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Radel Dishes on His Career — and a Little About Cocaine

Former Florida congressman’s book released Tuesday

Trey Radel, then a Florida congressman, leaves court in November 2013 after pleading guilty to a misdemeanor charge of cocaine possession. (Bill Clark/CQ Roll Call file photo)
Trey Radel, then a Florida congressman, leaves court in November 2013 after pleading guilty to a misdemeanor charge of cocaine possession. (Bill Clark/CQ Roll Call file photo)

Former Florida Republican Rep. Trey Radel, who resigned after he was convicted of cocaine possession, comes clean about his short-lived career in Congress and shares a little about the drug that doomed him.

“While my deepest personal weaknesses cut short my dreams and work in Congress, I picked myself up. As individuals and a country, we can do the same,” he sums up in “Democrazy: A True Story of Weird Politics, Money, Madness & Finger Food.” The 300-page account of his life and times was released Tuesday.

[Trey Radel Sheds Coke Charges]

While in office, Radel was known as as the “hip-hop conservative.” The book is spotted with quotes and lyrics, often from rappers such as Drake and Kendrick Lamar.

He opens with his take on the state of the Republican Party and stresses that he is a libertarian. He discusses his journalism career, his time working in Florida talk radio, and how former GOP Rep. Connie Mack encouraged him to run for Congress in 2011 when Mack ran unsuccessfully for the Senate.

Radel doesn’t hold anything back, running through a checklist of embarrassing things that could come back to bite you in a congressional campaign. (“Send a dick pic?” he asks.)

He speaks candidly about his relationship with everyone from former House Speaker John A. Boehner and Majority Leader Kevin McCarthy (he writes favorably of both) to his former Florida colleague Ted Yoho, described as a “tea party wacko.”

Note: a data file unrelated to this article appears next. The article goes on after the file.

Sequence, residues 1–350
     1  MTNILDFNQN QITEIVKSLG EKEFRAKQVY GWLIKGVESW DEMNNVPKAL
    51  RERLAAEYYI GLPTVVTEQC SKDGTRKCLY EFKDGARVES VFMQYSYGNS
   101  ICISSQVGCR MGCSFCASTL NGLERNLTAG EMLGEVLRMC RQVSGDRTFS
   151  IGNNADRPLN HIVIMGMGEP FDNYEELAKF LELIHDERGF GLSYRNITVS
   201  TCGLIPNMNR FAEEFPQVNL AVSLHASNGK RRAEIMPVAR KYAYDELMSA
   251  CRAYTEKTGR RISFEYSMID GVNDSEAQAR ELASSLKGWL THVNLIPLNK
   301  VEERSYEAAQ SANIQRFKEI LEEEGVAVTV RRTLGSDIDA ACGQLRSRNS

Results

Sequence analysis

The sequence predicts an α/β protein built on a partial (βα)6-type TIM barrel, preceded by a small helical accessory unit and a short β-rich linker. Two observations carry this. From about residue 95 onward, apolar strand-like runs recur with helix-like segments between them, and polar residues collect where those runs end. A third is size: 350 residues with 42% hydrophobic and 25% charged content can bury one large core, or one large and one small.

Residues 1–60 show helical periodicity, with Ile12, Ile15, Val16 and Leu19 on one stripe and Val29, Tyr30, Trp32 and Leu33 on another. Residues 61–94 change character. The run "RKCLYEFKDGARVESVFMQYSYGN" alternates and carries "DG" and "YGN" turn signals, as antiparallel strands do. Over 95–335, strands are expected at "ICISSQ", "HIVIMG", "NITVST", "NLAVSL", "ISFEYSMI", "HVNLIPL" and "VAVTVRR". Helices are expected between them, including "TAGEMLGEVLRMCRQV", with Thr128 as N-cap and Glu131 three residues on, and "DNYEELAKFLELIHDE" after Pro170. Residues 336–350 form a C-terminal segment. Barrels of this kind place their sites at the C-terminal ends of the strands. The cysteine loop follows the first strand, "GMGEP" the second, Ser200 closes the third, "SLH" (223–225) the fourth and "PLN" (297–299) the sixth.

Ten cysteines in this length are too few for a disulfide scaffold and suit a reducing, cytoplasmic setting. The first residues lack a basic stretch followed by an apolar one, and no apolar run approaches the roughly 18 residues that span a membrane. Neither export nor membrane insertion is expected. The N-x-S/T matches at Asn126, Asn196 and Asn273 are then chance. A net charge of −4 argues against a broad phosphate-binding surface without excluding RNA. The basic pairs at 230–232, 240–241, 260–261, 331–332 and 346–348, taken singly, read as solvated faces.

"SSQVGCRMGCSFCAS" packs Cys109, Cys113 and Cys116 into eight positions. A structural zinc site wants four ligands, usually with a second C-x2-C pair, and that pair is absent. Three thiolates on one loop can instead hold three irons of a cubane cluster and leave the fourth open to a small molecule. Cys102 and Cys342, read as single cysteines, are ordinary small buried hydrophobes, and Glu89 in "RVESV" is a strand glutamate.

Of recent events in Congress, he gives his take on the 2010 health care law: “President Obama’s policy frustrated me deeply, but I also felt the man himself had let me down.”

Former House Speaker <a class=
Former House Speaker John Boehner poses with Radel and his family during his swearing-in ceremony in January 2013. (Bill Clark/CQ Roll Call file photo)

On his personal life, he writes about meeting his wife, his relationship with his parents and his love of travel, which included a few risque stories.

Radel shows flashes of humility as he tries to share how much he learned running for Congress, what he did in Congress, and what he’s done since leaving.

“Hell, maybe you’ve already burned this book or vomited on the pages in disgust,” he writes after discussing his relationships with Boehner and former Majority Leader Eric Cantor.

[Trey Radel Sticks His Nose Back Into Politics]

He shares some D.C. secrets about fundraising, staffing a congressional office, choosing and getting on a committee, and navigating the media. He writes that he had Democratic friends, including former Florida Rep. Patrick Murphy, Arizona Rep. Kyrsten Sinema, and Hawaii Rep. Tulsi Gabbard.

About halfway through the book, he finally gets into his relationship with some other “friends” in Washington: those he partied with.

“Washington is the nerdiest sexy city in the world,” he writes as he jumps into describing his social life.

Through the rest of the book, he writes about his partying. But, he doesn’t use the word “cocaine” or say he was doing drugs until he writes about the drug bust.

His “socializing,” which was often on weeknights in Dupont Circle, and the acquaintances he made off Capitol Hill are major themes toward the end of the book. And, of course, his drug bust and how one of his “friends … set me up.”

Radel speaks earnestly about the eventual lack of attention to his wife and child in Florida and how selfish he became.

[Trey Radel Enters Rehab]

The guilt-filled aftermath includes him telling Boehner of his arrest, going to rehab, dealing with depression, and a scene in which he describes former Florida Rep. Steve Southerland II making him pray with him.

He briefly mentions his resignation before jumping into the lessons he learned from the experience. What it comes down to, he says, is that members of Congress are, more often than not, good people trying to do a good job.

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